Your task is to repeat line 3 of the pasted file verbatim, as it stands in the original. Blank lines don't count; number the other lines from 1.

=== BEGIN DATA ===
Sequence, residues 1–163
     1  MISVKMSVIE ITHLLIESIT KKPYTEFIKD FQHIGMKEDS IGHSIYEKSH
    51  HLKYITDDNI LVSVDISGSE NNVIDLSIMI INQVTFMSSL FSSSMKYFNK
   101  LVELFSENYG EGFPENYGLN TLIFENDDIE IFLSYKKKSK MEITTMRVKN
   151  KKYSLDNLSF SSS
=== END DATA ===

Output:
    51  HLKYITDDNI LVSVDISGSE NNVIDLSIMI INQVTFMSSL FSSSMKYFNK